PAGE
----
Then we've got these flowers coming up in the shade of what's going to be our Sacred Grove, a nice grove of oak trees in the back with a lovely circular shady spot underneath. These are called Blue Curls, which is a very good name for them, because the flowers are on this curly inflorescence. I see these growing in the shade in lots of wooded areas around here.

I started a tray of basils a while back that need to be put in bigger pots. I have Cinnamon, Thai, Napoletano, and Ms. Burns Lemon. I also planted some Purple Ruffles basil, but it never came up, so I guess the seeds were bad. There is also some Asia Red Amaranth and Fenugreek in this try, but they aren't doing so well. I probably should have direct seeded them instead. I might try doing that with the rest of my seeds if we get a good rain.
Out in the garden, I want to show you my Squash Vine Borer Exclusion Device! This is a tip I got from my CSA farmer on how to get a crop of squash despite the dreaded Squash Vine Borers. He said I need to get floating row cover, the most lightweight kind that's for keeping out insects, and put that over the squashes until they flower. Then it has to be removed so bees can get to the squash, but by then hopefully the squash has gotten enough of a head start to give a crop before the borers kill it.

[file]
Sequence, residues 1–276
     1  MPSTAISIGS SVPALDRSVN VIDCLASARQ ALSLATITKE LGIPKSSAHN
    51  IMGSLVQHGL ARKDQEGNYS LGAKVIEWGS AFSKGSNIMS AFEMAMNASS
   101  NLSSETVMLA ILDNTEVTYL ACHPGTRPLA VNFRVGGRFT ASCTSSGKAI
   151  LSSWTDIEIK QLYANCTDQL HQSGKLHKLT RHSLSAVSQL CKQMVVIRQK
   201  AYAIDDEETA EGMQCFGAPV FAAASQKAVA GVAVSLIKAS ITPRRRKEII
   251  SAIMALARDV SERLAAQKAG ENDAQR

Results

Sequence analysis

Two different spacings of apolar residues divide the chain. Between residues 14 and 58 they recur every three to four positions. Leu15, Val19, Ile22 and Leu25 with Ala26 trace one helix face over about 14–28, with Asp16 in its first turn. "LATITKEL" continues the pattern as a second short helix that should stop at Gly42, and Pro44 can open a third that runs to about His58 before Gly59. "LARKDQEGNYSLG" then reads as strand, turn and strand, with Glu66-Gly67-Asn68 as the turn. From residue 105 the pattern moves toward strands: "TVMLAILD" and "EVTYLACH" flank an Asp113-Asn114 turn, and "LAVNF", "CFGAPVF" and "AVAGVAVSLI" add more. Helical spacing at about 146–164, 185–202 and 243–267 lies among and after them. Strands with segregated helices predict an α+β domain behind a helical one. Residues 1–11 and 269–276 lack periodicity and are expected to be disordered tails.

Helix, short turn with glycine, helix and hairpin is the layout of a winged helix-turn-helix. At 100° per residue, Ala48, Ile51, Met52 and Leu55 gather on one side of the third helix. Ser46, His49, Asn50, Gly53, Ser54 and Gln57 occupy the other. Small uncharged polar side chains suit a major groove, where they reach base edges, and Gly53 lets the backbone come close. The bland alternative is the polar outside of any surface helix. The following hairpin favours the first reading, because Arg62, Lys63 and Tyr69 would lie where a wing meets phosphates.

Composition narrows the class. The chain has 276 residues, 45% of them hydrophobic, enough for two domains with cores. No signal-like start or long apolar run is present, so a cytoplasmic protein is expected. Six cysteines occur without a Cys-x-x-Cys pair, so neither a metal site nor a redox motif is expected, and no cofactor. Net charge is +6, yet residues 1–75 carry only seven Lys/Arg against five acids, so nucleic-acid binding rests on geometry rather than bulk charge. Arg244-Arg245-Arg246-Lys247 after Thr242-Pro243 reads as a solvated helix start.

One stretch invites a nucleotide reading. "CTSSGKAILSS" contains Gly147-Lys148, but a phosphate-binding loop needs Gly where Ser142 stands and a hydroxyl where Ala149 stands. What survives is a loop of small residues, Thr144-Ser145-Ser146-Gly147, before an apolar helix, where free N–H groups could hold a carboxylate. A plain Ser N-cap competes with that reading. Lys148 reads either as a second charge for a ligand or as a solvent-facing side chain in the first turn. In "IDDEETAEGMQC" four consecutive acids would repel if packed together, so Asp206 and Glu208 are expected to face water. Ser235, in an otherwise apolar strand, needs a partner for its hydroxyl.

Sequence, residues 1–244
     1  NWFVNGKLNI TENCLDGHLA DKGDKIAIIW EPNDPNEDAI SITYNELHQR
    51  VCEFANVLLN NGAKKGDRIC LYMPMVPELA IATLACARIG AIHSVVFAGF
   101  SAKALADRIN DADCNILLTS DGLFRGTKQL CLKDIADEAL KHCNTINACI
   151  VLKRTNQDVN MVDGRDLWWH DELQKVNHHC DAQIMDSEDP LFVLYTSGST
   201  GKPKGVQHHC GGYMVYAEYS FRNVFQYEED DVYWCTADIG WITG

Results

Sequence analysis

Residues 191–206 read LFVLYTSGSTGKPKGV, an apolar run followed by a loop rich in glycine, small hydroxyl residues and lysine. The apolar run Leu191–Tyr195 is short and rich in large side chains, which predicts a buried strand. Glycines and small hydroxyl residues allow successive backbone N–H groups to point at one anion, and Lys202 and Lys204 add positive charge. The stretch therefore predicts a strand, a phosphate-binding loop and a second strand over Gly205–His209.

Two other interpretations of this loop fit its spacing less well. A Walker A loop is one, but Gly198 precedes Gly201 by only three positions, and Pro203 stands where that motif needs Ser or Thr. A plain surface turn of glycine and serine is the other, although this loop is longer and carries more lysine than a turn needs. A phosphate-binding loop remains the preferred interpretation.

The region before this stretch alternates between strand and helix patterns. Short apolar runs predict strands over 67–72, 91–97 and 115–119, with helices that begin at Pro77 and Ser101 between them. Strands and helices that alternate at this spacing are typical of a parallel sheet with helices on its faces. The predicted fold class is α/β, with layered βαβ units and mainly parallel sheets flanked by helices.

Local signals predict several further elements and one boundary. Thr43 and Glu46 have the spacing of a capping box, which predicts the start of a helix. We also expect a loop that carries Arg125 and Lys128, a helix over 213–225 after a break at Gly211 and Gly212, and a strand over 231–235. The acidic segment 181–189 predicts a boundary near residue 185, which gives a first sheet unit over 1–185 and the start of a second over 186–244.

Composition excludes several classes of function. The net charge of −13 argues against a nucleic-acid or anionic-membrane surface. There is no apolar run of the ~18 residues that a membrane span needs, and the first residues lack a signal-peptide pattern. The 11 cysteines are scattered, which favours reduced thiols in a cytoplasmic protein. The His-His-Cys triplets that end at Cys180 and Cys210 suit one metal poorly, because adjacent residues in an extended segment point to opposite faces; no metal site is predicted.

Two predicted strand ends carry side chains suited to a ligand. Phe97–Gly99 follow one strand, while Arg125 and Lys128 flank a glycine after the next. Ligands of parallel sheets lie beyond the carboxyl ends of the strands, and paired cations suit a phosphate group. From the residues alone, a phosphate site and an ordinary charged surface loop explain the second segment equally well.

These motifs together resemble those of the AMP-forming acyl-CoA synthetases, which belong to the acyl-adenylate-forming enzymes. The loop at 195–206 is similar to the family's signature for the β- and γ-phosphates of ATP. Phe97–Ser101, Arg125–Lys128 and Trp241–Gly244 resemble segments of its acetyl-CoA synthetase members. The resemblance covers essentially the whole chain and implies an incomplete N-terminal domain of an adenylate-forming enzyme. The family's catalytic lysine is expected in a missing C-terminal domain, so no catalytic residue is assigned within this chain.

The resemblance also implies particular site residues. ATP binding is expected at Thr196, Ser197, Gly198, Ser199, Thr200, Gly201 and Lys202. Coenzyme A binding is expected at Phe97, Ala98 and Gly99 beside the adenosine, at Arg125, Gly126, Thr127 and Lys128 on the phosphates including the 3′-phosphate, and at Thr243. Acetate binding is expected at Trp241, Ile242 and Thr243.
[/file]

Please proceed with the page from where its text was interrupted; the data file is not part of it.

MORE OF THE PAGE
I have the row cover held up with PVC pipe bent and stuck over short pieces of rebar that are driven into the ground. I then held the cover down to the ground with rocks. In hindsight, I should have made 5 hoops instead of 3, because the cloth is sagging a lot between them. I also should have put a soaker hose under there with the end sticking out to water them. I have trying to water them through the cloth, but even though the cloth is supposed to let water through, a lot of it still beads up and runs down the side.

Underneath I have Kamo Kamo and Jarrahdale squashes planted. The first is a C. pepo and the second is a C. maxima which are the two species of squash most susceptible to borers. So we'll see if the cover helps them.

The squash coming up under the cloth looks about like that right now,but this is not a squash, but a San Juan melon. It's a type of melon I got from Native Seeds/SEARCH and is supposed to be a netted muskmelon with green flesh. I think in the future I'm going to be buying a lot more seeds from that company, since their seeds are adapted to hot, dry conditions.